Otto's Books

Otto's Books

Wednesday, October 04, 2006

Codeine got me through the Disco days

The following are excerpts from Memoirs of a Drugged-Up, Sex-Crazed Yippie,Tales from the 1970s counter-culture: Drugs, sex, politics and rock and roll

By Steve Otto

Chapter Twelve
Disco sucked
But the cocaine was real good

Cocaine was a popular drug among the disco set. That was definitely the case here in Kansas. That may be part of the reason that Rusty and I were able to get nearly pure cocaine on such a regular basis.
I still preferred narcotics to coke. I remember when Tony first explained to me the process of signing for a bottle of codeine cough syrup. We were sitting at his apartment one evening after I got off work.
“I usually ask for Novahistine,” he said. “There’s one called DH and another called expectorant. They both have the same amount of codeine.”
Naturally I couldn’t wait to try it. I went to a pharmacy on the main street of Lawrence. The regular counter was in the front. I had to walk to the back of the building, passed the rows of shelves covered with over-the-counter medical items and up to the prescription service area. It was one of Lawrence’s older buildings, with white cement walls.
“Yes?” the dark haired clerk, in his 40s, asked.
“I’d like some Novahistine DH,” I said nervously.
He pulled out a bottle, then a ledger. He filled in everything except my name and address.
“Fill this out,” he said.
I filled out the ledger, paid about $3.90 for the bottle and left. Once out the door and out of sight, I drank half the bottle. Once I started to feel it, I drank the rest. By the time I got home, I kept feeling these little rushes going down my back. I felt great. This was one of the best highs I had ever had.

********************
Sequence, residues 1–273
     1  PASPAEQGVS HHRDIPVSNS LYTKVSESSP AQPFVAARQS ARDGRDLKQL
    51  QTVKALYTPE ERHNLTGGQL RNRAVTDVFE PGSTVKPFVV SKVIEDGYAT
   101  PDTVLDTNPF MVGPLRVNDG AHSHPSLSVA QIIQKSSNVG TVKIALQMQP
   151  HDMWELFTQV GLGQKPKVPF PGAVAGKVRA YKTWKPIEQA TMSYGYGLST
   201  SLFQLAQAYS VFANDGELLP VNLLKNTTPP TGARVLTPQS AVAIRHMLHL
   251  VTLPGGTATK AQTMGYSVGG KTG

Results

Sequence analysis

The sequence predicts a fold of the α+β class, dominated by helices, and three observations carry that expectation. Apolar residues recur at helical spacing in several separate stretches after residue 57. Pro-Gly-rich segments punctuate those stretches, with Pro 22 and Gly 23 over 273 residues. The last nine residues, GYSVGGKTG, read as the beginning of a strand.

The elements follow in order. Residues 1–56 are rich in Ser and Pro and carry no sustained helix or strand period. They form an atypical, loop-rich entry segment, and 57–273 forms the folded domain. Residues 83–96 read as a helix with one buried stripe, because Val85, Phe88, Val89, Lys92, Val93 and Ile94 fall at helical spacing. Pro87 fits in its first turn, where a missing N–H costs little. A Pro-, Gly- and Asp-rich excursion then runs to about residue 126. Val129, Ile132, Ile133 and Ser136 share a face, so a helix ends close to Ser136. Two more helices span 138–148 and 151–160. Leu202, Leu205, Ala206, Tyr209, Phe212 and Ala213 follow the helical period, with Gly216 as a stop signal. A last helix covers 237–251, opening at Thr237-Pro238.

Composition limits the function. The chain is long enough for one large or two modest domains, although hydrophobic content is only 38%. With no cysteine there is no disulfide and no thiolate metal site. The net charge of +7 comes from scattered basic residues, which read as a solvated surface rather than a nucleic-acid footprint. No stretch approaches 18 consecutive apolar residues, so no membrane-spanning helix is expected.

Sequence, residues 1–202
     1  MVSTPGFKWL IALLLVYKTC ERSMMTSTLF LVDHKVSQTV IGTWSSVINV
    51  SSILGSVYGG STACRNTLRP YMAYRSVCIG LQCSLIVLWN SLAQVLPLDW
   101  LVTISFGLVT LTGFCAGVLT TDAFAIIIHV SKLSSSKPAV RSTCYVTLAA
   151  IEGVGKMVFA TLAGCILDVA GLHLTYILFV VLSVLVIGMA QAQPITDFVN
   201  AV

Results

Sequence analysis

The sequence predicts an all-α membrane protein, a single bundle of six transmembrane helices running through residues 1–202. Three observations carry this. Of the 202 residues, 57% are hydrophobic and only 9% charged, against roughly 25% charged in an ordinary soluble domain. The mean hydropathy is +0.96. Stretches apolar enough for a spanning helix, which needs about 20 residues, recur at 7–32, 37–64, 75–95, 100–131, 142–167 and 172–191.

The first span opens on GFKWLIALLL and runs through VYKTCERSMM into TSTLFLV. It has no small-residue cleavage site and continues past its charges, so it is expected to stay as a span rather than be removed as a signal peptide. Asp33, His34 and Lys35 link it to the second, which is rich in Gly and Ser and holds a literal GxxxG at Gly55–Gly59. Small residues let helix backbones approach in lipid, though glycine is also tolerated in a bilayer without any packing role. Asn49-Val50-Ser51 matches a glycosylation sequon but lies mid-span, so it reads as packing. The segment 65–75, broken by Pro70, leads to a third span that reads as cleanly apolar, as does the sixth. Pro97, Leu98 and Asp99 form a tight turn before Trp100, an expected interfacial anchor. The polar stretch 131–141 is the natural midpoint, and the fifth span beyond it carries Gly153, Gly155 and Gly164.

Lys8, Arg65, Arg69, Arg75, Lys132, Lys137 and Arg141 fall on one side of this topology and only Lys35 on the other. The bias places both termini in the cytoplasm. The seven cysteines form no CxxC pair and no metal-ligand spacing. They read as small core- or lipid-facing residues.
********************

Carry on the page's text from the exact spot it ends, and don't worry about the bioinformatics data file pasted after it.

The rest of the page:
“Why don’t you just get a bottle of whiskey?” Rusty asked, when I got home.
“This is a much better high than whiskey,” I said.

I’m sure he thought it sounded disgusting, but I didn’t care. There were restrictions on how often a person could buy it and how much they could buy. Over the next few months I went to some other pharmacies and discovered I liked the DH the best.
On one occasion I went out to Quantrill’s Saloon, using codeine, with Harry. I met Harry while I was hanging out in the various main street bars. We played pool one night and I had an unusual sense of confidence that allowed us to run the tables a few times. We played partners and we seemed unbeatable. When I was high on that stuff, I could function as if I seemed straight and I had this overwhelming sense of well-being.
Quantrill’s was a popular bar with both local young people and some of the long-term college kids. It was a large building in the older section of town. The bar itself was in the middle of the room and there was a few pool tables near the back, and lots of brown wooden chairs and tables near the front door. It had pale green walls and a slightly damp and musty smell that no doubt came from the building’s old walls. There was a jukebox and a picture of Quantrill on the wall.
Josh, from the Public Notice, complained one evening that people would name things after William Quantrill.
“He burns down most of the town for the Southern cause and they name a flea market and bar after him,” Josh said.
The paper had run an article on the same theme. Quantrill was famous for his raid on Lawrence, in 1863, in which he and his men slaughtered much of the town’s male population. They were Confederate irregulars and they burned most of the buildings. Lawrence was considered a Union stronghold. The article had a cartoon with a man holding a bloody knife. He had a button on his shirt that read: “Our hero.”
Despite Josh’s reservations about the place, it attracted many good-looking young women. Harry and I often tried to pick them up. I remember talking to one woman, a tall blond bombshell, after I took some codeine. I had an easy time talking to her because I was calm and cool. I wasn’t nervous at all.
“So you’re a business major,” I said to her. “That’s interesting. I’m interested in journalism.”
“Aren’t journalists idealists?” she asked?
Our conversation went nowhere and I never talked to her again.